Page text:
19 November 2014

Court hears of grandmother Linda Milazzo's clash with Victoria Police

Gran's clash with police caught on camera



Victoria Police members who called a "warm hearted" grandmother a "f...ing nut case" who had no rights, are to be investigated.

A screaming and shouting match erupted between Linda Milazzo – a pensioner who had recently had a heart attack – and two policemen after she "clipped" a third member on an elbow while driving through a road block.

The ensuing altercation – recorded by a policeman's body camera – escalated to threats that she could be charged and jailed for attempted murder.

Judge John Carmody, in Melbourne's County Court, likened the conduct of the police to the basketball tactic of a "full court press" and pondered Chief Commissioner Ken Lay's response to the footage.

Judge Carmody saw and heard that when Milazzo, then 63, told Senior Constable Kael Oostuizen she had had a heart attack and was then having one he replied: "You don't look like you're having a heart attack to me."

A policeman also called her a "f...ing nut case", followed by laughter, and later when she mentioned her "rights" but was told that "you haven't got any rights at the minute" she became hysterical.

Milazzo recently pleaded guilty to obstructing police, driving in a manner dangerous and unlicenseddriving from the incident in South Yarra in May, 2012.

The court heard Milazzo, who has several prior minor traffic infringements, had had a "tragic early life" with a limited education, but became a registered nurse and has for some years worked voluntarily for organisations that included the Father Bob Maguire Foundation.

On the day of the incident she was delivering items to an elderly person as part of her free ironing service.
The police footage was played in pre-trial argument before Judge Carmody and relied on by prosecutor Mark Regan as depicting her driving and conduct after the case resolved into guilty pleas.

Milazzo stopped after a short pursuit and Senior Constable Oostuizen and acting Sergeant James Robbins struggled to remove her car keys, during which she quoted a court judgment she wrongly claimed allowed her not to stop.

Prosecutor Mark Regan said there was "great uncertainty" about what could happen, the policemen were trying to "apprehend" her and their first priority was to immobilise the car for safety reasons.

Mr Regan said the police could have "bodily dragged" Milazzo from her car but had "exercised restraint".

He conceded some language was used that "perhaps with the benefit of hindsight you wouldn't want to see" and that there were "intemperate moments" and words said in the "heat of the moment".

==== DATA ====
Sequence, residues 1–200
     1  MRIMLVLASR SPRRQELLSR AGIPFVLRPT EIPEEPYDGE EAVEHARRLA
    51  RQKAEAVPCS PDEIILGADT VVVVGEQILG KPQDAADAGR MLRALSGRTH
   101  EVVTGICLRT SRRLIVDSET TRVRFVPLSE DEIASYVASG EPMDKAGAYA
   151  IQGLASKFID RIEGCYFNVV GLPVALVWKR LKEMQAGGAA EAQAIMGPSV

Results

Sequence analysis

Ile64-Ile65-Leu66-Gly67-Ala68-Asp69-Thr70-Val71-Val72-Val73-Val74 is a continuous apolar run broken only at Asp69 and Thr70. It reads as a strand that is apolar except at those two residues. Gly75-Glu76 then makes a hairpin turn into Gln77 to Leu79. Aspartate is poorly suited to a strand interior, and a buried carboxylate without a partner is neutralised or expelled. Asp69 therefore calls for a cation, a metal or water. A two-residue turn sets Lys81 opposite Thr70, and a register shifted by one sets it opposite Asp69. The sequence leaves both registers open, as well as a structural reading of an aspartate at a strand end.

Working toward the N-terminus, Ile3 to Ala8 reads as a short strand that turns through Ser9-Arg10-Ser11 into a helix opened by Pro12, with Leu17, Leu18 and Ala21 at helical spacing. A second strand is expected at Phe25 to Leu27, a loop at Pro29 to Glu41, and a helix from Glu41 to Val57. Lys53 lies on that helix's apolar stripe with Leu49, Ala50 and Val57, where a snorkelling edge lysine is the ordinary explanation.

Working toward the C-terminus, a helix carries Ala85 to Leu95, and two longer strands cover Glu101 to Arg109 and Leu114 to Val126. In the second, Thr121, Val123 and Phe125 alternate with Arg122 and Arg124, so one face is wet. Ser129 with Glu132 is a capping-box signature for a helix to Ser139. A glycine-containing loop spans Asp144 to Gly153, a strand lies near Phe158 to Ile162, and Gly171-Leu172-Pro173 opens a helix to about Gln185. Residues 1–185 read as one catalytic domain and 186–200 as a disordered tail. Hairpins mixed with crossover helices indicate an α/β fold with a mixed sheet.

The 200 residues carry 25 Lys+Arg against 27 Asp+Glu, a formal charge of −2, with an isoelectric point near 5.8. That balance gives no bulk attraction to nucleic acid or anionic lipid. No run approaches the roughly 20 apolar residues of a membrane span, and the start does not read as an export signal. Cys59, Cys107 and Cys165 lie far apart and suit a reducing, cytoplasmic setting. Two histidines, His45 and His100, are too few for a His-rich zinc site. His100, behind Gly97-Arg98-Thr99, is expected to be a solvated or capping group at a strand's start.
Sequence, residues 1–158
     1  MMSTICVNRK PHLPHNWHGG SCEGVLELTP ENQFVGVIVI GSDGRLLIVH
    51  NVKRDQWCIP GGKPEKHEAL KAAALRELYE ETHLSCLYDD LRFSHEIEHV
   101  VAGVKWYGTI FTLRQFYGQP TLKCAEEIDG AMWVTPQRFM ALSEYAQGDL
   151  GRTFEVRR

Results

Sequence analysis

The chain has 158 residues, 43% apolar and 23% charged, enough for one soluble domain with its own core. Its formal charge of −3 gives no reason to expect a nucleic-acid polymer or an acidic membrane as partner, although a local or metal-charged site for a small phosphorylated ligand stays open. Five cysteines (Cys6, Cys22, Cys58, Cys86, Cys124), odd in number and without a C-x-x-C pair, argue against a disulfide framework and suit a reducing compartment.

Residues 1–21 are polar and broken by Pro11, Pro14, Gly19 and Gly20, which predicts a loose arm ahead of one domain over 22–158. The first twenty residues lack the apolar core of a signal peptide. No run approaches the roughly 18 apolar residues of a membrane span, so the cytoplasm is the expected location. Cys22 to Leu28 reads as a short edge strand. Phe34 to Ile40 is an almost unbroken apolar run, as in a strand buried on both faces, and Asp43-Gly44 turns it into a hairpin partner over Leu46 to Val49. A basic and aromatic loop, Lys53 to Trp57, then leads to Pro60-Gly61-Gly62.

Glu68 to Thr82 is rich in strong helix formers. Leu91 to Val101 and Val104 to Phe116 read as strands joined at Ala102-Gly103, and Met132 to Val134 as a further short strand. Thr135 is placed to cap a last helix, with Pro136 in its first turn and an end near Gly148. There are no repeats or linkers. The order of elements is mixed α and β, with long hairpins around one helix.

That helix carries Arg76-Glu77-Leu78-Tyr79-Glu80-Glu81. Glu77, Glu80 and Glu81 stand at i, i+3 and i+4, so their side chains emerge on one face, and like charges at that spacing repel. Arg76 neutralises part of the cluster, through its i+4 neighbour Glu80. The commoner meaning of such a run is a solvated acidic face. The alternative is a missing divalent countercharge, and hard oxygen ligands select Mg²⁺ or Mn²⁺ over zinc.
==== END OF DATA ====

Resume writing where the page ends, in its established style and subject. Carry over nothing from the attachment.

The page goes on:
Judge Carmody asked Mr Regan to "imagine if the [chief] commissioner heard the full set of these tapes".
"She's a nut," he recalled Milazzo being described. "[Said] As loud as you like."

Judge Carmody commented that it was "not the way" he [Ken Lay] would want his men or others to deal with members of the public.

Defence barrister Alan Marshall said Milazzo, now 65, could not understand why she didn't stop and that "everything just overcame her", and while the police obviously had concerns "she wasn't perhaps assisted" by their behaviour.

"In basketball terms," Judge Carmody commented, "it was a full court press. That's what happened."

Mr Marshall added that for "a few seconds" someone who was a "warm-hearted grandmother" behaved in a "highly unusual fashion" and that "all sides probably now regret" their part in what occurred.

In his sentencing remarks, Judge Carmody said the "manner of the approach" by police to her car and their statements and hers "escalated the emotions and behaviour" of everyone and had caused her to obstruct them.

Judge Carmody regarded Milazzo's dangerous driving at the lower end of the range and told her she had done much good work for others, but added that police were entrusted with the difficult task of ensuring that "everything works for our community".

Milazzo was put on a non-conviction undertaking to be of good behaviour for 12 months for obstructing police, was convicted and fined a total of $1000 on the other offences and was disqualified from driving for six months.

Judge Carmody noted that she had already been partly "administratively punished" as Mr Marshall had told him that acting Sergeant Robbins had advised VicRoads shortly after the incident – and after she had renewed her licence – that she may not be a proper person to be licensed.

Because of that, she was asked to supply a psychiatric report which she declined.

Inspector Ian Geddes of the police media unit told Fairfax Media on Tuesday that members were expected to demonstrate professionalism "at all times" and complaints about unprofessional behaviour were taken seriously.

"As a result of the issues raised in this case," he said, "the matter has been referred to Professional Standards Command for further investigation".

theage.com.au 19 Nov 2014

More corrupt police caught out?  Harassing motorists?
If they really are not corrupt, why does the matter need to be referred to the Professional Standards Command?

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